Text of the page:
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|Index||142 reviews in total|
*** This review may contain spoilers ***
SPOILERS - This initial "Pink Panther" film has a thin storyline around which they wrapped lots of physical comedy. Silly chase scenes in the streets of Rome. Hand stuck in the beer stein. Two masked gorillas trying to steal from the same safe, from opposite sides. Robert Wagner and David Niven, playing jewel-thief nephew and uncle get first billing in this film, but the best acting is done by Peter Sellers in his patented low-key style. Strange - even though the film was set and filmed in Paris and Rome, plus an Italian ski resort, the conversation at the climatic trial referred to "thirty thousand dollars" that Clouseau's wife spent in one year. Eventually, he was framed for the jewel heists and the movie ends with him on the way to prison, as Niven and Wagner get off. The best thing about this movie is the launch pad it became for the following "Inspector Clouseau" films.
God, I know I'm going to tick a lot of people off when I say that "The Pink
Panther" is the worst film of the series. Blake Edwards was still trying to
develop as the great filmmaker he would eventually become. While there are
some funny moments in this film, there is a long, boring stretch in the
middle of the film that really knocks the wind out of it.
I think one of the problems was the casting of David Niven as the Phantom. While Niven was undeniably one of the great actors of his time (think of "Separate Tables" and "Bedtime Story", this type of slapstick comedy was not his greatest strength. He comes off as stiff today. And the female roles are just those that could be played by any young woman under the age of 30.
Much better are the two performers who really work hard and come off extremely well. Robert Wagner, cast as the Phantom's nephew, provides a much needed shot in the arm when he appears on screen. He has perfect comic timing and often has many of the best moments. and for a film that spawns five sequels, there is surprisingly little of Peter Sellers' Clouseau in this film. Knowing what Clouseau is capable of in the later films, he really doesn't do all that much. But what he does do is steal the picture. And where are Cato and Chief Inspector Dreyfus?
I didn't really like this film, yet I find myself recommending it. Why? Because of Sellers and Wagner and the last 25 minutes of this film which is a great combination of slapstick and mystery put together with a twist ending that no one would expect. But trust me on two things: it's no masterpiece and Edwards has done better. People condemn "Curse" but it is fast paced and has some truly inventive slapstick sequences. This film would have benefited from some editing.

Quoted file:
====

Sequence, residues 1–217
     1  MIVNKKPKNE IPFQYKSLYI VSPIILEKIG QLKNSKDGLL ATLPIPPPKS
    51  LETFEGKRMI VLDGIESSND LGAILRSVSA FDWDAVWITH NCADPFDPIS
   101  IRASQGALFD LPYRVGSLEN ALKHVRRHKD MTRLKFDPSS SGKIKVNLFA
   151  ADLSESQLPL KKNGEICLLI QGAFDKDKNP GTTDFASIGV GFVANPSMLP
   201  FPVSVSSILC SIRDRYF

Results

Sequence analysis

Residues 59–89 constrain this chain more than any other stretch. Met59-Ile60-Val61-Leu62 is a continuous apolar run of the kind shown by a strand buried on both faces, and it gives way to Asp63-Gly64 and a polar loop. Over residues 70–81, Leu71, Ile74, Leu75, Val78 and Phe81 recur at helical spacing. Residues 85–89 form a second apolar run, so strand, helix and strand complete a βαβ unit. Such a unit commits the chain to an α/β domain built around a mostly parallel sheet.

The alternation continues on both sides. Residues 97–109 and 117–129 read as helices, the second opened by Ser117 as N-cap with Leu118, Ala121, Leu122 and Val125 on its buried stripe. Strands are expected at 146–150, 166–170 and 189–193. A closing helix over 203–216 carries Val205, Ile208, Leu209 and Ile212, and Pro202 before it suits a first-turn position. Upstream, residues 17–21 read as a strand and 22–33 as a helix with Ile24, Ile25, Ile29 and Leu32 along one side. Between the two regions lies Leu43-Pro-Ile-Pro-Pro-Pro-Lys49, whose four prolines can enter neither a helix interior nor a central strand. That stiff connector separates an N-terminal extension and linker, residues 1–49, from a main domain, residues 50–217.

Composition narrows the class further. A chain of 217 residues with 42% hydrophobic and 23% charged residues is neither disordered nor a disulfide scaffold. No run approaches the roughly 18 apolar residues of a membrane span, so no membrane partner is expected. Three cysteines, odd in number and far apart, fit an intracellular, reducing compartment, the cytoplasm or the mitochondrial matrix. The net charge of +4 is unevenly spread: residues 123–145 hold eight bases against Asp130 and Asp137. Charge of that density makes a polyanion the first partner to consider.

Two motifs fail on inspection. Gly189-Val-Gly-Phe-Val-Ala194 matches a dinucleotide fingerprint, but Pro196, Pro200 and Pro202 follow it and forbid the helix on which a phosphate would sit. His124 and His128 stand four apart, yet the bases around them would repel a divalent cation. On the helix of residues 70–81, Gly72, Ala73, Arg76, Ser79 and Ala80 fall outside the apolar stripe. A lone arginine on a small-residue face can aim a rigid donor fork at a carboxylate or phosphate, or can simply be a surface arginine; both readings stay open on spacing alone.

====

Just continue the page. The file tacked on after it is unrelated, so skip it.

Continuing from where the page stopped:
*** out of 4
Delectable farce is what you get in spades with this very first "Pink
Panther" film. The extended scene in which Capucine as Madame Clouseau has
to juggle both David Niven and Robert Wagner into various hidey holes in
hotel room so her amorous-but-clumsy husband, played by the late, great
Peter Sellers, doesn't twig to their presence--this is truly one of the
unsung comedy sequences in all filmdom, say I.
Others will prefer the dress-up-ball sequence in which Niven and Wagner, both wearing gorilla costumes and neither knowing the other is there, open two sides of the same safe to steal the fabled jewel after which the film is named. The diamond is not there, as it turns out, and they make good their escape only because hapless Inspector Clouseau has set off all the planned-for fireworks prematurely inside the ballroom, amid panicked guests dressed as Cleopatras and zebras and so forth.
Still others will split their sides over the ensuing car chase in which the police under Clouseau look fully as ridiculous as they zoom about this way and that as do the two frustrated "Phantoms" who can't find a road that takes them out of town. The touch of the old gentleman who departs a bistro in a bit of an alcoholic fog, longing for bed, only to witness all the pandemonium breaking out around him as he sits slack-jawed in a chair he has brought to the middle of the road, makes the scene unforgettable.